In descending order, by date published.
Woody plant stress has many causes that might ultimately lead to plant decline. Tree and shrub degeneration is often referred to as a "complex," meaning the condition is usually caused by multiple factors. Typically, one or more primary stresses cause deterioration of plant health, followed by secondary pathogens and/or insects that further decline or destroy plants. Determining causes of decline requires careful examination of plants and growing sites, as well as knowledge of site history. Nevertheless, diagnoses may be difficult, as the original cause(s) of plant stress may be obscure or no longer present. Some of the most common plant stresses are addressed in this publication. A wider range of possible causes of plant stress and decline should be considered during evaluation of woody plant material.
Authors: Doug Archbold, Paul Bachi, Sandra Bastin, Julie Beale, Steve Berberich, Ric Bessin, Bob Caudle, Jennie Condra, Tim Coolong, Leighia Eggett, Vaden Fenton, Lucas Hanks, John Hartman, Nathan Howell, Kelly Jackson, June Johnston, Chlodys Johnstone, Patrick Kelley, Katie Kittrell, Janet Lensing, Amy Lentz Poston, Sara Long, Patty Lucas, Sean Lynch, Logan Minter, John Obrycki, Janet Pfeiffer, Sutapa Roy, Marc Ruberg, Rebecca Schnelle, Delia Scott, Kenny Seebold, Pam Sigler, Darrell Slone, Chris Smigell, John Snyder, Dave Spalding, John Strang, Ginny Travis, Joseph Tucker, Sarah Vanek, Jeff Wheeler, John Wilhoit, Mark Williams, Patsy Wilson, Dwight Wolfe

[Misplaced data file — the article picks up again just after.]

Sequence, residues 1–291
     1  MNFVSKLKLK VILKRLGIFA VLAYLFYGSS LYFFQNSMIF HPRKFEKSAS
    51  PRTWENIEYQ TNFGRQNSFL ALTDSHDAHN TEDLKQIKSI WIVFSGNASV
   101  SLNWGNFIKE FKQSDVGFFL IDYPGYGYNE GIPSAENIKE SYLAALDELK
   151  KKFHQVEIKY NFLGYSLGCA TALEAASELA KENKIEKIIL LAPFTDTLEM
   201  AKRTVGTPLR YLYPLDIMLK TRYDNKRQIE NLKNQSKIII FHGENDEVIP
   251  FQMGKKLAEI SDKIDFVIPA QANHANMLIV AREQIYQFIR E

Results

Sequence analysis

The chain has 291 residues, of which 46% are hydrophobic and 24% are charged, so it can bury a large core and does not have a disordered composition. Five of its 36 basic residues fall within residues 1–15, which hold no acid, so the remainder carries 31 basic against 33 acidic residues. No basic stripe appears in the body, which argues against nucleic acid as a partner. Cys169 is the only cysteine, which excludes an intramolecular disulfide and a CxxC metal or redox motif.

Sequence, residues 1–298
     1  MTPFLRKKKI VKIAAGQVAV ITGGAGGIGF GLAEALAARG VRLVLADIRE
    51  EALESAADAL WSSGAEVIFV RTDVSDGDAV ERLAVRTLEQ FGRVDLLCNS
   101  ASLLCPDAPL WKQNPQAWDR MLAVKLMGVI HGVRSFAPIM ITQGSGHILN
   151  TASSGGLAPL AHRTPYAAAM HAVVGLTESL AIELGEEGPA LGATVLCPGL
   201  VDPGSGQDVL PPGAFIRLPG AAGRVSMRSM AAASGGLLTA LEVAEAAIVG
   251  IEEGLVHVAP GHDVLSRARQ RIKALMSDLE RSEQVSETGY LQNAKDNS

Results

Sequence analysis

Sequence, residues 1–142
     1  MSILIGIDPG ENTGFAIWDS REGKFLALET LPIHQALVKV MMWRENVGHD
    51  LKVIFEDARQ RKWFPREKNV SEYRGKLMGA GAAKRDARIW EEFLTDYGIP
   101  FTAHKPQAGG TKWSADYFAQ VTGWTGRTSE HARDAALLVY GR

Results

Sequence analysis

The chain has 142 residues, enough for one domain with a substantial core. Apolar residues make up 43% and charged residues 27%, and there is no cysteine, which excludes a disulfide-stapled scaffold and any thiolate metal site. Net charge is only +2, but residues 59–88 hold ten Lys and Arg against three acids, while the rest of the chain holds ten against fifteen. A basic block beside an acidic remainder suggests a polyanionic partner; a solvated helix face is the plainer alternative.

Fruit and vegetable production in Kentucky continues to grow. The 2010 Fruit and Vegetable crops research report includes results for more than 34 field research and demonstration trials that were conducted in 20 counties in Kentucky.
Departments: Biosystems and Agricultural Engineering, County Extension, Entomology, Family and Consumer Sciences, Horticulture, Kentucky State University, Plant Pathology
Series: Progress Report (PR series)
Tags: farm crops, fruits and nuts, research, variety trials, vegetables
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